Car today | 2018 Renault Captur long term review, third report


Lately, our Captur’s been consuming a healthy number of miles, courtesy of my apartment being relocated further away from office. I now drive at least 60km everyday between home and work – that’s close to 1,500km a month! And add to it, of course, the miles accrued through our long weekend drives. Speaking of which, the Captur’s been fuelling my wife’s newfound obsession with collecting plants. Let me explain how.

There’s enough boot space for a spot of impromptu shopping on a weekend out.

Most big nurseries with a good variety of plants are on the outskirts of Mumbai and, more importantly, they are in places that aren’t very easy to access. This is where I find the Captur’s massive 210mm ground clearance really useful. Then there’s the big boot with a collapsible rear bench that falls flat, which my wife finds really useful. It’s got enough space for plants as well as travel bags, as we found out on a recent drive to visit some friends in Pune. We’d made a small detour towards Pavna to visit Shubham Nursery. It’s like an open-air mall for plants; and what followed was obvious. Not only did we pick some pots for ourselves, we also packed the Captur’s boot with greenery to gift our friends.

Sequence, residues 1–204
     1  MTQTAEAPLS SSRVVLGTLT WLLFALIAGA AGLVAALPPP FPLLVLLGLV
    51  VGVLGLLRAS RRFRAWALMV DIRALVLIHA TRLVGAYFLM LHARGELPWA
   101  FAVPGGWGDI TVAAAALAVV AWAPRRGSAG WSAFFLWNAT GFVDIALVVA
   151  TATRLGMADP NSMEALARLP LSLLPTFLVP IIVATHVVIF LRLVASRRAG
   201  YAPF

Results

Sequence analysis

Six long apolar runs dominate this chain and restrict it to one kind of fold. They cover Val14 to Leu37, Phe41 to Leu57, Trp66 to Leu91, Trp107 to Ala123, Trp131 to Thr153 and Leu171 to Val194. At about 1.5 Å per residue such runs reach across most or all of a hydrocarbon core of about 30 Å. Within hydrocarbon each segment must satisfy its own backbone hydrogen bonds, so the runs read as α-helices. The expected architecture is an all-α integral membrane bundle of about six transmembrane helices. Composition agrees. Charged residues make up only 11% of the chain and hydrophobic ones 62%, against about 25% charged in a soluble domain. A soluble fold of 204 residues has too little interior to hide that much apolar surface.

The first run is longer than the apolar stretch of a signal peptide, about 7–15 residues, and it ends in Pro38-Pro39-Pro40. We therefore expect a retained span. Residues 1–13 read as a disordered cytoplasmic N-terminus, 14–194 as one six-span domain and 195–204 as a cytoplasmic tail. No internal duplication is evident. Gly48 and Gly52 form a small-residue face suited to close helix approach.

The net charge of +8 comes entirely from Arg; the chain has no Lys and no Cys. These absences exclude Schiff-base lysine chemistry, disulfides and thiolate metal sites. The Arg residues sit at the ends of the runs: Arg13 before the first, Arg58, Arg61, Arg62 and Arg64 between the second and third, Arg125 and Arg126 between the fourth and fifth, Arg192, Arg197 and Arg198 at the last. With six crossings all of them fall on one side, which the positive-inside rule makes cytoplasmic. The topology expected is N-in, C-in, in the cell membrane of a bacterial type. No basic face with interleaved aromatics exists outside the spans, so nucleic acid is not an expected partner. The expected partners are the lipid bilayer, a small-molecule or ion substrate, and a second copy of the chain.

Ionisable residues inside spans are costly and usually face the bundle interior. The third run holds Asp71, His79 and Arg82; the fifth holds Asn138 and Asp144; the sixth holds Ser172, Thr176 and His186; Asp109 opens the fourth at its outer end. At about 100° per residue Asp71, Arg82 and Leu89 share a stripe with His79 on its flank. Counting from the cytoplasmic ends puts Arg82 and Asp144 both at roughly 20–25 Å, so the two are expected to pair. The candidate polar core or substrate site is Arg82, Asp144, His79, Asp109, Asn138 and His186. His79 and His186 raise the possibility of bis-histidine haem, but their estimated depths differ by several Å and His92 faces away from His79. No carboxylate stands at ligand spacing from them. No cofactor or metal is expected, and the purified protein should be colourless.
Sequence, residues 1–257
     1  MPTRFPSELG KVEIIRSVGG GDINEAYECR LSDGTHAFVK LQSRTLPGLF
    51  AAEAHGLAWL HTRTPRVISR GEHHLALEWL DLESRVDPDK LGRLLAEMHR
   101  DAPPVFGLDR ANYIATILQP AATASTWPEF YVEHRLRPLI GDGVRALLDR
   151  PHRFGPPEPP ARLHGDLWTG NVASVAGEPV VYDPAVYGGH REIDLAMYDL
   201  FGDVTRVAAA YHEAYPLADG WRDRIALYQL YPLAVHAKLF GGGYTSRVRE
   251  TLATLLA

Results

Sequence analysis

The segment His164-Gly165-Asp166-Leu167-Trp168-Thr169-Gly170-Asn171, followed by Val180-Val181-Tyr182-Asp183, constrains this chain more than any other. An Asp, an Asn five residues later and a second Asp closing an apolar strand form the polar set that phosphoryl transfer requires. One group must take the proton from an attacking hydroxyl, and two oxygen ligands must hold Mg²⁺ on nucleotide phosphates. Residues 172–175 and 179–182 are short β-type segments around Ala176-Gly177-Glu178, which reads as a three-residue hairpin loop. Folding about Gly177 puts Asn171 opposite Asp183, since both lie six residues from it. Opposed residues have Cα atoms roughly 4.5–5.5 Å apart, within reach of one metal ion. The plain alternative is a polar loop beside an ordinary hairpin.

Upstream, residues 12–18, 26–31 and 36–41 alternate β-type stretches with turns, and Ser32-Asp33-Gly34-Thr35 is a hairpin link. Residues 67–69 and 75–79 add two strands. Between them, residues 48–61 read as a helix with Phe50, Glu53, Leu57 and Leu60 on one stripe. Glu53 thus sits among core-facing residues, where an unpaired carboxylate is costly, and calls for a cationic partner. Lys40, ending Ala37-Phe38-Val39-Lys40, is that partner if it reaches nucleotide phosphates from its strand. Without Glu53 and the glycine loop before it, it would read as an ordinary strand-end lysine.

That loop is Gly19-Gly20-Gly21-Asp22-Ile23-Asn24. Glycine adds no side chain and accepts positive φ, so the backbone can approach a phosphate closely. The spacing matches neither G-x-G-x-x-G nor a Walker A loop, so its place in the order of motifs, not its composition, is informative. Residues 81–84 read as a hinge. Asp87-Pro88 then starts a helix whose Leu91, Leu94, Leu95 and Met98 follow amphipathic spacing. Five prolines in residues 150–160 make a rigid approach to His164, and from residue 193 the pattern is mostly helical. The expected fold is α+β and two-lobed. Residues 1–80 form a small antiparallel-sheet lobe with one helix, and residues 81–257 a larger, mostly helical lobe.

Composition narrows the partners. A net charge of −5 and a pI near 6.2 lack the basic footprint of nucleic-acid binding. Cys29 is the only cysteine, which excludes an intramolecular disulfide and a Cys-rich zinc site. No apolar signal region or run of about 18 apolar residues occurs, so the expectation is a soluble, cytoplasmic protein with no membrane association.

CAN'T TOUCH THIS: You rarely have to worry about scraping the underside.

All set, we turned towards Pune and were greeted by heavy rainfall, which made the wipers run full swing. I like that these were activated automatically as soon as the Captur sensed drops on the windscreen. The rear wiper was also working hard to ensure good visibility on the rear-view mirror. Even the auto lights worked nicely when passing through the tunnels on the Expressway, without me having to bother to turn them on and off.

FORCE FEEDBACK: The steering kicks back hard over bad surfaces of road.

All was going smooth until we ran into a small technical snag. I realised the Captur was losing power and not pulling as strongly as before. It felt as if it had suddenly lost combustion and was out of breath. A quick look under the bonnet revealed what the exact problem was. The turbo hose was hanging loose because one of the circular metal pins that keep the pipe in place had broken and fallen off. Unfortunately, there are very few places where you can find a layby or garage on the Mumbai-Pune Expressway. This left us with two options – either have the car towed to a garage or improvise. And improvise I did. I simply needed to ensure that the pipe stayed firmly in place through the rest of the drive, avoiding any air leak. Using a metal wire, I positioned and secured the pipe, and voila! We were back in action.

I got the pipe fixed at the Renault workshop at Pune the very next day. It was a quick job and we got the car back in a couple of minutes. Thankfully this was just a small issue for an otherwise hassle-free and reliable experience with the Captur.  It’s also proving to be fairly comfortable on long journeys, like this Pune trip. It’s time I put it through its paces on a much longer road trip to some place I haven’t explored yet.

Any suggestions?

Also see:

2018 Renault Captur long term review, second report

2018 Renault Captur long term review, first report


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